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Ice Mummies—Frozen in Heaven

Classroom Activities

I Can Dig It!

To analyze and interpret information in order to locate an archeological site.

Materials for each team
  • copy of "I Can Dig It!" student handout (HTML)
Procedure Journal illustration
  1. Organize students into groups and distribute the activity sheets. Have students read the scenario in the Field Journal Notes. Discuss the nature of the clues given and how students might use them in their search. (You may also want to invent your own scenario from a time period or culture you have previously studied.)

  2. Have groups research the scenario. You may want to provide hints to students having difficulty solving the mystery. (For example, "You are looking for a northern culture," or "The burial site is located in a chain of volcanic islands.") Once students have completed the activity, have them present their findings to the class and explain how they arrived at their conclusions.

  3. As an extension, consider having students create their own archeological field journals. In groups, have students create a description of a burial or dig site, including information about items found, climatic conditions and other clues of their choice. Then have groups exchange clues and try to identify each other's culture and locale.

Activity Answer

The scene depicted is based on an actual Aleut burial site located on the Aleutian Islands off the coast of Alaska (see map below). The additional artifacts and cave drawings were added as clues to help students identify the site's culture and location. The Aleutian mummies were hung from the ceiling or set on platforms in this Alaskan cave nearly 260 years ago. These bodies were mummified just before 1740.

The clues can be used in a variety of ways to solve the mystery of whose burial site this is. For example, the presence of furs, whalebone and a canoe suggest that the culture is from a northern location near water, which may lead students to investigate Alaska, Russia, Greenland, Iceland and Norway. Depictions of sheep, moose and caribou on the cave walls help students pinpoint Alaska as the region in which this culture resides. Cave drawings depicting a chain of islands surrounded by water pinpoint Alaska as the land mass. If students then research where volcanoes are found in Alaska, they will discover that almost all of Alaska's active volcanoes are in the Aleutian arc. This should lead them to seek out information about the Aleuts, which will reveal that the burial site is theirs. (Students who choose to use volcanoes alone to as a method to pinpoint the location will find that a number of volcanoes exist in Alaska, Russia and Iceland.)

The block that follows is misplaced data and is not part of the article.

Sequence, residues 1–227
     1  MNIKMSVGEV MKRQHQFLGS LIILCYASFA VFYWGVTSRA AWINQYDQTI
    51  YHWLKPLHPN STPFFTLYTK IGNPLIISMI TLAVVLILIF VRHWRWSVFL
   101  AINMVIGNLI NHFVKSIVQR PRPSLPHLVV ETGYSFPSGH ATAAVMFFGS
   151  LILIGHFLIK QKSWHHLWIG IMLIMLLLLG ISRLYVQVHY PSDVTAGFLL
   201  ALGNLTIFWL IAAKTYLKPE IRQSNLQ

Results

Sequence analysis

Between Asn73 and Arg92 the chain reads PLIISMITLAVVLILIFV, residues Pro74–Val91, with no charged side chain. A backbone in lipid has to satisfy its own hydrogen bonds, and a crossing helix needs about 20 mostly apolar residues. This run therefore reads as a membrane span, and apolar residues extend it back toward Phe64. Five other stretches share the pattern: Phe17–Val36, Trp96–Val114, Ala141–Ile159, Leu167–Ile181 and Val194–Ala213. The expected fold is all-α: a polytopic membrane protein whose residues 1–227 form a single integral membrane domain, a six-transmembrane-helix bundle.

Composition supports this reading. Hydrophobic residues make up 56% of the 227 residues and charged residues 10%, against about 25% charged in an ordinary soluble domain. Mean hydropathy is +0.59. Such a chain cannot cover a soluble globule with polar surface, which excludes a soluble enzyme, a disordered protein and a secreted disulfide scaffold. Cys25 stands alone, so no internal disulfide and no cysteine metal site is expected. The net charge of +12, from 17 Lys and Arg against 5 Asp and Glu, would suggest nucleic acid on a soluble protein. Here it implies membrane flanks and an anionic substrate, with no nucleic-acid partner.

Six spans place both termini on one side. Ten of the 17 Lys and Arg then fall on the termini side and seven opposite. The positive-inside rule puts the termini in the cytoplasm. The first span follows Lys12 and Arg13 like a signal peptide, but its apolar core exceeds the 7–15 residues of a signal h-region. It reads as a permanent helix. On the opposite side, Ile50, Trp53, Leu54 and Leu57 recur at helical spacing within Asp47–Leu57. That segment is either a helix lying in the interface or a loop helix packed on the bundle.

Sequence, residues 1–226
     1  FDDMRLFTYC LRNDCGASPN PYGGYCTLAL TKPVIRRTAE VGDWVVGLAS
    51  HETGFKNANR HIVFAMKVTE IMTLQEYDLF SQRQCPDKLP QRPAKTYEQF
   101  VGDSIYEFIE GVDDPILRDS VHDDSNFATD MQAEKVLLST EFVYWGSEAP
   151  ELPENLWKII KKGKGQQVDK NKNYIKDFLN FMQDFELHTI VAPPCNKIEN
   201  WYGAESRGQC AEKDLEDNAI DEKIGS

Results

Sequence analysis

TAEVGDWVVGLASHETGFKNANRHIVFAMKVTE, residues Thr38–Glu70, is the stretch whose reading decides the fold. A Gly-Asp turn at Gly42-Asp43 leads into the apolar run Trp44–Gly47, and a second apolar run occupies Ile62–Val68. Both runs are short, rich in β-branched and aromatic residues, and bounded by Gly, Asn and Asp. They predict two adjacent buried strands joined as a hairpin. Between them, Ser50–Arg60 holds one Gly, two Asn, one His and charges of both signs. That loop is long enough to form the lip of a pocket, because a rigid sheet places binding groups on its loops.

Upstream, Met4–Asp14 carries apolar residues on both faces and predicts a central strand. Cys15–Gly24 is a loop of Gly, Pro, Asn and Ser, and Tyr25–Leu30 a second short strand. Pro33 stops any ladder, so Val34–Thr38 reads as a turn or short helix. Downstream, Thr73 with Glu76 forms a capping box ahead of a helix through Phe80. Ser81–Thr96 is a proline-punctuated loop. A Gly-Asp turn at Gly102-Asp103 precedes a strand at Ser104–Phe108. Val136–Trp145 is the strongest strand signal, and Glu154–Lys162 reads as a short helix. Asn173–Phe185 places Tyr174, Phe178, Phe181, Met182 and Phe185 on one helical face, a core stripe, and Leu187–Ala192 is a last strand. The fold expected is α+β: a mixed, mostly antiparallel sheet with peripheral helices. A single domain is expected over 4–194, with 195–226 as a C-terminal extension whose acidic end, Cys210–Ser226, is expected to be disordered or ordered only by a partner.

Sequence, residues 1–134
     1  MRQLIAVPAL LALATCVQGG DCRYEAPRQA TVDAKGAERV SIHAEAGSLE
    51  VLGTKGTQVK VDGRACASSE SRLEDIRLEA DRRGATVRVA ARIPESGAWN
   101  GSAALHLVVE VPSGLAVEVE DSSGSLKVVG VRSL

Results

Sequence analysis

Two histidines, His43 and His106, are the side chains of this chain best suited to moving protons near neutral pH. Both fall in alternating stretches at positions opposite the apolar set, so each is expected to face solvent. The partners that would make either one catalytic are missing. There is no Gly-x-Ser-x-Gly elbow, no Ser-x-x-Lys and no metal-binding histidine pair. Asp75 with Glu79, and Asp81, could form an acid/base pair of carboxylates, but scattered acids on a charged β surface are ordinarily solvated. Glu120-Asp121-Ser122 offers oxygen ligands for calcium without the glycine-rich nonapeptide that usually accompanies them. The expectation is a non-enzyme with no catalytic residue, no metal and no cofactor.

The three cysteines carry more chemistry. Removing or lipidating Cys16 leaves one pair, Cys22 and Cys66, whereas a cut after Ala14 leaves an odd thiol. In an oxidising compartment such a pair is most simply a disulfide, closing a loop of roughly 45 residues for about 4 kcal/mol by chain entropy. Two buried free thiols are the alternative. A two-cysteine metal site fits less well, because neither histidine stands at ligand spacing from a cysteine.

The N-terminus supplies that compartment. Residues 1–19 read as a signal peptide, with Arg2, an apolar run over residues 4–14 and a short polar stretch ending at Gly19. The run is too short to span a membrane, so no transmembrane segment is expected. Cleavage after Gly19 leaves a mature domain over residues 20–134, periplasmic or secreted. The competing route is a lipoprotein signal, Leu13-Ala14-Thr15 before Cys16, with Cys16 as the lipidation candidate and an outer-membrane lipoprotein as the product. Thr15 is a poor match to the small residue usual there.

Map showing Russia, Alaska, Bering Sea, and Aleutian Islands

Links and Books


Lauber, Patricia. Painters of the Cave. Washington, D.C.: National Geographic Society, 1998.
Provides an introduction to Ice Age people. Text and images depict artifacts and cave paintings left behind by ancestors of modern humans.

Moseley, Michael Edward. The Incas and Their Ancestors: The Archaeology of Peru. New York, NY: Thames and Hudson, 1992.
Provides the prehistory of the Andean region, including a thorough summary of Inca civilization.


Reinhard, Johan. "Research Update: New Inca Mummies." National Geographic (July 1998): 128-135.
Describes the December 1997 return of Reinhard and his crew of archeologists to the summit of Pichu Pichu in the Peruvian Andes to discover more human ritual remains, gold figurines and other evidence of the Inca heritage.

Web Sites

NOVA Online—Ice Mummies
This Web site, originally a NOVA/PBS Online Adventure launched in Fall 1996, will provide Updated information about the archeological expeditions that discovered three different ice mummies.

Mummies 101
Contains information about mummification, specifically the practices of the Aleut. Note: This site contains some graphic photos. Preview first to determine its appropriateness for your students.

Ice Treasures of the Inca
Contains extensive information on the Inca ice mummies.

Archaeology is an online and print publication of the Archaeological Institute of America. The site includes articles about current archeological topics and a news brief about the Iceman's return to Italy.


The "I Can Dig It!" activity aligns with the following National Science Education Standards:

Grades 5-8

Science as inquiry

Science Standard G:
History and Nature of Science

Science as a human endeavor: Science requires different abilities, depending on such factors as the field of study and type of inquiry. Science is very much a human endeavor, and the work of science relies on basic human qualities, such as reasoning, insight, energy, skill, and creativity—as well as on scientific habits of mind, such as intellectual honesty, tolerance of ambiguity, skepticism and openness to new ideas.

Grades 9-12

Science as inquiry

Science Standard G:
History and Nature of Science

Science as a human endeavor: Individuals and teams have contributed and will continue to contribute to the scientific enterprise. Doing science or engineering can be as simple as an individual conducting field studies or as complex as hundreds of people working on a major scientific question or technological problem.

Teacher's Guide
Ice Mummies—Frozen in Heaven

Video is not required for this activity